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Capturing Human Trafficking Victimization Through Crime Reporting

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dc.contributor.author Farrell, Amy
dc.contributor.author Dank, Meredith
dc.contributor.author Kafafian, Matthew
dc.contributor.author Lockwood, Sarah
dc.contributor.author Pfeffer, Rebecca
dc.contributor.author Hughes, Andrea
dc.contributor.author Vincent, Kyle
dc.date.accessioned 2019-02-04T19:51:21Z
dc.date.available 2019-02-04T19:51:21Z
dc.date.issued 2019
dc.identifier.citation Farrell, Amy; Dank, Meredith; Kafafian, Matthew; Lockwood, Sarah; Pfeffer, Rebecca; Hughes, Andrea; Vincent, Kyle. (2019). Capturing Human Trafficking Victimization Through Crime Reporting. National Institute of Justice, NCJ 252520, 41 pgs. en_US
dc.identifier.govdoc NCJ 252520
dc.identifier.uri https://www.ncjrs.gov/pdffiles1/nij/grants/252520.pdf
dc.identifier.uri http://hdl.handle.net/20.500.11990/1171
dc.description Report en_US
dc.description.abstract In 2008, the William Wilberforce Trafficking Victims Protection Reauthorization Act authorized the Federal Bureau of Investigation to begin collecting offense and arrest data about human trafficking as part of the Uniform Crime Reporting (UCR) program. In 2013, the UCR program began collecting information in the Summary Reporting System and the National Incident-Based Reporting System to capture two Part I offenses: Human Trafficking/Commercial Sex Acts and Human Trafficking/Involuntary Servitude (FBI, 2015). The addition of human trafficking offense categories in the UCR program is a significant step towards improving our understanding of the scope of the issue. However, there are many reasons to be concerned that human trafficking offenses known to the police and reported through the UCR underreport the extent to which human trafficking is occurring in local communities. This study explores how local law enforcement agencies classify human trafficking cases that they identify through their internal records management and external crime reporting programs in three United States communities. The research team examined over 600 human trafficking investigations and interviewed law enforcement and crime reporting personnel in each study site to understand how human trafficking cases are identified and reported by the police. Interviews with victim service providers and non-law enforcement agencies in each study community about how they identify and report human trafficking victimizations also helped the research team understand the sources of information about human trafficking incidents that exist outside of law enforcement data. Finally, utilizing Multiple System Estimation (MSE) procedures that compare information about identified human trafficking victims who exist in the data systems of multiple providers in the study communities, the research team identified how frequently human trafficking victims are identified across multiple administrative data systems in a community. MSE procedures were employed to develop an estimate of the number of sex and labor trafficking victims in each study community as a mechanism to gauge the degree to which law enforcement data on human trafficking offenses represent the population of human trafficking victims in a community. (Author Text) en_US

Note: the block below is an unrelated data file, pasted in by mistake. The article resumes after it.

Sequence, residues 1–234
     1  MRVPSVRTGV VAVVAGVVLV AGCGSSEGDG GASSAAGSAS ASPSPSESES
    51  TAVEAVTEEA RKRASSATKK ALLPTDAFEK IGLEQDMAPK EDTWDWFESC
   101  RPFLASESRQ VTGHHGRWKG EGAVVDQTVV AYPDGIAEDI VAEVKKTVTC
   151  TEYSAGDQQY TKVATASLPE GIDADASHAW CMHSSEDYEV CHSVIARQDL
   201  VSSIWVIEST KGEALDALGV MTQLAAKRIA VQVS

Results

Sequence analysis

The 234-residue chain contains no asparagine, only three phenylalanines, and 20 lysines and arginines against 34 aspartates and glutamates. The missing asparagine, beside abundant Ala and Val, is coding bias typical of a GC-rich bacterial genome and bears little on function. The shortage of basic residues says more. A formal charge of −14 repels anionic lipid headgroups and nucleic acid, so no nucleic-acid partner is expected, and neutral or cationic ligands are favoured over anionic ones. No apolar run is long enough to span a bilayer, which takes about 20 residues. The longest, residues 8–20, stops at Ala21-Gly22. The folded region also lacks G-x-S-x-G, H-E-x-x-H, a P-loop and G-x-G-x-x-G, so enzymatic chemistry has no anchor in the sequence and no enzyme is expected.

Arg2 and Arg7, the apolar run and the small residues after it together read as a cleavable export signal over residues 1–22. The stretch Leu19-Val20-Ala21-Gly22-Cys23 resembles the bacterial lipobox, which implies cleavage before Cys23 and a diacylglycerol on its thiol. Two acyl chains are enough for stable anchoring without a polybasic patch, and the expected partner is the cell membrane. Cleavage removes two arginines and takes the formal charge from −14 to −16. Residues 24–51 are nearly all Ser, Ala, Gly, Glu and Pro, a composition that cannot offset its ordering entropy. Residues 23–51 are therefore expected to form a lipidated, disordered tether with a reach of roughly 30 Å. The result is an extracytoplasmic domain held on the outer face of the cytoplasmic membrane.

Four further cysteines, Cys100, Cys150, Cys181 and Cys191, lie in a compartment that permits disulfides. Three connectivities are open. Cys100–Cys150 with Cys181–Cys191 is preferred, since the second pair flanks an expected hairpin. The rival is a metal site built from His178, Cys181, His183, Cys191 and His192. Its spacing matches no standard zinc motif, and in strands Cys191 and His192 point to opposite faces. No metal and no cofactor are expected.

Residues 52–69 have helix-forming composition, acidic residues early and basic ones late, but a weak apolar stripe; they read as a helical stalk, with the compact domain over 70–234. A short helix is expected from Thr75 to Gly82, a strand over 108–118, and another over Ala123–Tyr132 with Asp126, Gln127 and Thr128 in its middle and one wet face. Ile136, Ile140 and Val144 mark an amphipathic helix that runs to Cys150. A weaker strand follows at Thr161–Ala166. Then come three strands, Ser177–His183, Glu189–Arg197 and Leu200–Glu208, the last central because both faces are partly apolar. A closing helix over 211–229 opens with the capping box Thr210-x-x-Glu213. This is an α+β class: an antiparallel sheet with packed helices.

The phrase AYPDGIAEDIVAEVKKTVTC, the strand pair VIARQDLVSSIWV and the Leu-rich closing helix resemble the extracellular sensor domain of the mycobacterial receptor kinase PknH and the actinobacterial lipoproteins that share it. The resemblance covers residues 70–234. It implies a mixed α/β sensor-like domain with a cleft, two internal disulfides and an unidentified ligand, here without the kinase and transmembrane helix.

dc.language.iso en_US en_US
dc.publisher National Institute of Justice (NIJ) en_US
dc.subject Data Analysis en_US
dc.subject Administrative Data en_US
dc.subject Crime Reporting en_US
dc.subject Case Management en_US
dc.subject Interview Results en_US
dc.subject Data Sources en_US
dc.subject Data Sharing en_US
dc.subject Underreported en_US
dc.subject Trafficking in Persons en_US
dc.subject Commercial Sexual Exploitation en_US
dc.subject Forced Labor en_US
dc.subject Sex Trafficking en_US
dc.subject Police en_US
dc.subject Service Providers en_US
dc.subject Victim Services en_US
dc.subject Investigation en_US
dc.subject Youth en_US
dc.subject Modern Slavery en_US
dc.title Capturing Human Trafficking Victimization Through Crime Reporting en_US
dc.type Other en_US


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